Danielle Knafo – Alone Together: Solitude and Relatedness in the Clinical Encounter
Danielle Knafo – Creataivity & Psychoanalysis: An Elegant Adaptation
Penelope Starr-Karlin – Ecstatic Temporality on the Golden Gate Bridge
Richard Raubolt – Redemption and Resiliency: Resurrecting Ghosts Buried in Detroit’s Ruins
Alone Together: Solitude and Relatedness in the Clinical Encounter
On January 25 Danielle Knafo delivered a paper at the Austen Riggs Center in which she presented two cases that appeared very different, even nearly opposed, and yet had underlying and illuminating similarities. The first involved a married, successful woman who could not tolerate being alone. The second was about a reclusive young man who could not endure being with others. Yet, each case spoke deeply about the existential and psychological difficulty embodied in flight from a historical rupture that could not be processed or symbolized. The case narrations showed how the levels of concealment embodied in the first case of defensive relationship and the second case of defensive solitude provide hints and clues to liberation.
Creativity & Psychoanalysis: An Elegant Adaptation
The first part of this seminar, presented to the National Institute of the Psychotherapies on February 8, offered a brief overview of psychoanalytic theories of creativity. The second part of the seminar focused on creativity in the clinical situation from the perspectives of both analyst and analysand. What should one know when treating creative individuals? How can we use our creativity to overcome impasses in the work and help patients maximize their creative potential? What do the artist and the psychoanalyst have in common? Knafo spoke about the creative action of psychoanalysis in terms of working with the unconscious in the quest for transformation.
Ecstatic Temporality on the Golden Gate Bridge
Penelope Starr-Karlin presented this paper at The International Forum on Psychoanalytic Education (IFPE) annual conference, November 6-9, 2014, at the Hotel Kabuki, San Francisco, California, USA. In this presentation, Starr-Karlin discussed a unitary concept of time that embraces past, present, and future, looking at how such a concept may be applied to analytic thinking.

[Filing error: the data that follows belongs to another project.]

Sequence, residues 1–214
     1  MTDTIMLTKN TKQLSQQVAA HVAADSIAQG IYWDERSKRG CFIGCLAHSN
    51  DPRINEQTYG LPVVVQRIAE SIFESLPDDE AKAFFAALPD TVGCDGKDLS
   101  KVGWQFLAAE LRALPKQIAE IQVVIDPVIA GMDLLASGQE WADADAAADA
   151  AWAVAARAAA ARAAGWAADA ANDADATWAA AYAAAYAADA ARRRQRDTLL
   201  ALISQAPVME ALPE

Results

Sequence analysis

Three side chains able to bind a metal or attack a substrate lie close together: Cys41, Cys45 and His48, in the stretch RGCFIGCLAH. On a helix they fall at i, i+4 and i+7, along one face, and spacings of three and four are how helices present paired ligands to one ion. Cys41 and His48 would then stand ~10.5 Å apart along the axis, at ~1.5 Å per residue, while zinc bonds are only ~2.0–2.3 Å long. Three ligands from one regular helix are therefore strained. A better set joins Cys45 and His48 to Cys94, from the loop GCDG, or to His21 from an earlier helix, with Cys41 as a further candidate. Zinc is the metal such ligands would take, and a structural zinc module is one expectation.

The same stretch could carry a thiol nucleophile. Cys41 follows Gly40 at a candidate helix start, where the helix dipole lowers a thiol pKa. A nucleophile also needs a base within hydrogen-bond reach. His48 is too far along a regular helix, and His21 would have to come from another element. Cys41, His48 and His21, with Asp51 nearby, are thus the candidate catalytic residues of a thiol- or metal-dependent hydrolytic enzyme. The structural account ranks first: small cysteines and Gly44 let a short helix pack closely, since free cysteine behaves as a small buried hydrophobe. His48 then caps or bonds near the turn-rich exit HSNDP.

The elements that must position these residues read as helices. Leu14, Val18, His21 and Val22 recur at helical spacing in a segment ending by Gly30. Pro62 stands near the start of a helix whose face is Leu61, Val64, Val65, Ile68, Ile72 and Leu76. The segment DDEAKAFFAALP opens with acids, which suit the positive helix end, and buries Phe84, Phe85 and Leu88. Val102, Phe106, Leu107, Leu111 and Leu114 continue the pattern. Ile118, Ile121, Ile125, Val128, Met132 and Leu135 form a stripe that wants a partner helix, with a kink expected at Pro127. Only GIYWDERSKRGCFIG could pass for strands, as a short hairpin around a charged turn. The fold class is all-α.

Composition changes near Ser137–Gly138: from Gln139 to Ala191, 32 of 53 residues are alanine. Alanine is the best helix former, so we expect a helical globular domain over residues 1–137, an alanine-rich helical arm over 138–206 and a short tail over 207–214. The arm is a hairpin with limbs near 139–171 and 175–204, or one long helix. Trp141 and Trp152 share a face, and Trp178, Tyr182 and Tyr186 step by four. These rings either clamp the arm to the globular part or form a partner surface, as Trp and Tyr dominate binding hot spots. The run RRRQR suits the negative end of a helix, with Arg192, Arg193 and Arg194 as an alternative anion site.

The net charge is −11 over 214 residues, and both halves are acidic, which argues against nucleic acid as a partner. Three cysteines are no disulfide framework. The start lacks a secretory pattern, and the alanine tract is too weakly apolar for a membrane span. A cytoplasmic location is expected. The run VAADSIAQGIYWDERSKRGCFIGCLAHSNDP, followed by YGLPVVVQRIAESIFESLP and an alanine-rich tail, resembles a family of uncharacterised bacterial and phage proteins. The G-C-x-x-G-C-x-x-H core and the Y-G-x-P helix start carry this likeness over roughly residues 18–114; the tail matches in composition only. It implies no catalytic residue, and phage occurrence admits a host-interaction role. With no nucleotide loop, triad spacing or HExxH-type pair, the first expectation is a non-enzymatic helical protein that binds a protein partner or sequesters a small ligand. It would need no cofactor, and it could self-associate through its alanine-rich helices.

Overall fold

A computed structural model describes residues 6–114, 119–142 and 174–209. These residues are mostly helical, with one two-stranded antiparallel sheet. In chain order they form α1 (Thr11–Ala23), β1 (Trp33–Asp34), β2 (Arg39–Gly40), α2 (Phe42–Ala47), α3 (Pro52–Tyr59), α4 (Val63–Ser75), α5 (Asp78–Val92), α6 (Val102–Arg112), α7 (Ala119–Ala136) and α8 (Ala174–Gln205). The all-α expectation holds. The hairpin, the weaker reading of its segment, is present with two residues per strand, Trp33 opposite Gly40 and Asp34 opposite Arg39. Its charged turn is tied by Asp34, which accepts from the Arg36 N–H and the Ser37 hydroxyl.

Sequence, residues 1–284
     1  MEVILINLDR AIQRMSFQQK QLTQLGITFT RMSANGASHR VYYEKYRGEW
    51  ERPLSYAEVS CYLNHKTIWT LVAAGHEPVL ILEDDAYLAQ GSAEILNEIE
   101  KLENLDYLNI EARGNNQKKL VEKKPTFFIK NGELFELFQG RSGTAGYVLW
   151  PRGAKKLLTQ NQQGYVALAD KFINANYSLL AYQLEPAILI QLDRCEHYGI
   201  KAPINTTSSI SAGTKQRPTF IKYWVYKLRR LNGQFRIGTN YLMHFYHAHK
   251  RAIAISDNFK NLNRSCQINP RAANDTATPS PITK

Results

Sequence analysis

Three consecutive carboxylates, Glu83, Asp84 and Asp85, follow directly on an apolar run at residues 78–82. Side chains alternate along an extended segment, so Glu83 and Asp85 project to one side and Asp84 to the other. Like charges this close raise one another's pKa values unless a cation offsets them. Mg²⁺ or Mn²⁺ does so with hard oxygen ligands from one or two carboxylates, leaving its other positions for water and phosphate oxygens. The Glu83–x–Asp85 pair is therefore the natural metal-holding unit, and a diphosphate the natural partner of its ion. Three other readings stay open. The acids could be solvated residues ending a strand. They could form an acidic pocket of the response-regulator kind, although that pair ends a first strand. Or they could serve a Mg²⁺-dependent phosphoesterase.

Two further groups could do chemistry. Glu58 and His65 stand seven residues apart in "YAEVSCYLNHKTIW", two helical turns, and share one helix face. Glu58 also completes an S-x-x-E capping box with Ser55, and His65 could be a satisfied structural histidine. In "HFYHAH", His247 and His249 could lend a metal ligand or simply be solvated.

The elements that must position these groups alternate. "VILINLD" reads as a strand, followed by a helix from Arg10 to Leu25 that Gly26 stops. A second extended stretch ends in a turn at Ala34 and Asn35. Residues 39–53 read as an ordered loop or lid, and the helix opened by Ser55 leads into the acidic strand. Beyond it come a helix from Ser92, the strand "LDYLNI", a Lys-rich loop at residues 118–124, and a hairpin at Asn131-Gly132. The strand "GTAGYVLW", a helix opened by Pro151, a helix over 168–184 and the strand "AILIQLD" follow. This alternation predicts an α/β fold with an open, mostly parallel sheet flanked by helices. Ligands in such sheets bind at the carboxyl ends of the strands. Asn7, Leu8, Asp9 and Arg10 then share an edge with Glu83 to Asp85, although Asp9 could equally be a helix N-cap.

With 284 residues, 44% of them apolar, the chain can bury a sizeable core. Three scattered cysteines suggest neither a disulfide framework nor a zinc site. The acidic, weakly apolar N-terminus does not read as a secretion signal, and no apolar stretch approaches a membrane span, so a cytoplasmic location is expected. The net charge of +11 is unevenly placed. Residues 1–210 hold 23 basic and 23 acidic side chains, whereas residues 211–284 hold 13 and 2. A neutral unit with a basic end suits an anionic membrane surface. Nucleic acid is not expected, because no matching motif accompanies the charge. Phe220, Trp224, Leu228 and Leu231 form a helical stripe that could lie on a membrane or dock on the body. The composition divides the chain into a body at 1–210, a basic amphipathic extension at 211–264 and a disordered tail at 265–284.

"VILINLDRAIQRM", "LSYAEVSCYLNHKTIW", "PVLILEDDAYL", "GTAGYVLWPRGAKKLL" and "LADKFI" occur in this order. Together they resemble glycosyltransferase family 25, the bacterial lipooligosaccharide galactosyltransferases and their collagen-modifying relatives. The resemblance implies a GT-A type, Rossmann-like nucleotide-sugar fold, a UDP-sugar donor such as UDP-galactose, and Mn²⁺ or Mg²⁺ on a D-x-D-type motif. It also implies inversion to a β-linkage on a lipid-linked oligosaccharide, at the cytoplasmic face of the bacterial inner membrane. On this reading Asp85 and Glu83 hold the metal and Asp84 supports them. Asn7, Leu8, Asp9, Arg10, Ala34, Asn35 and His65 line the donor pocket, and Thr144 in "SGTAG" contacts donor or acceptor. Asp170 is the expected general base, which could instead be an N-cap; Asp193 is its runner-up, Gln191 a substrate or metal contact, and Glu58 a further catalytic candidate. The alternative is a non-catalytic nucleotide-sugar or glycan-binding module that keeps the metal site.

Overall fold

Penelope Starr-Karlin, PsyD, MFT
email: Penelope Starr-Karlin
Redemption and Resiliency: Resurrecting Ghosts Buried in Detroit’s Ruins
I presented this paper at the 42nd annual conference of the National Association for the Advancement of Psychoanalysis entitled Shame, Guilt and Prejudice: Emerging Possibilities. The presentation took place on November 15 in New York City.
As psychoanalysts, we practice mainly within the confines of our private offices in hushed tones, and in isolation from the intemperate world banging at our doors. With the emergence of trauma studies, our work has widened beyond the abiding focus on individuals. We can now leave our consulting rooms and venture forth without our favorite theories and comforts. Such changes in practice and perspective introduce us to the actual world of living nightmares and dreams, as well as to the death of reason in favor of emotionality and, at times, violence. This change also brings us into contact with the vibrancy of lives growing and developing no matter how uneven or messy. We can, if we choose, participate in the creation of “new nows,” often beyond what history suggests is possible.
For me this means exploring the context of both sides existing in intergenerational urban trauma: shame and resiliency. Using Detroit’s “ruins,” I seek to tell the largely untold story of “retro-visionaries.” With the Heidelberg Project as one example, I will use my new film to show what is possible when trauma, defiant interconnectedness, and creativity link up to form a resilient spirit.
Link to film: www.vimeo.com/richardraubolt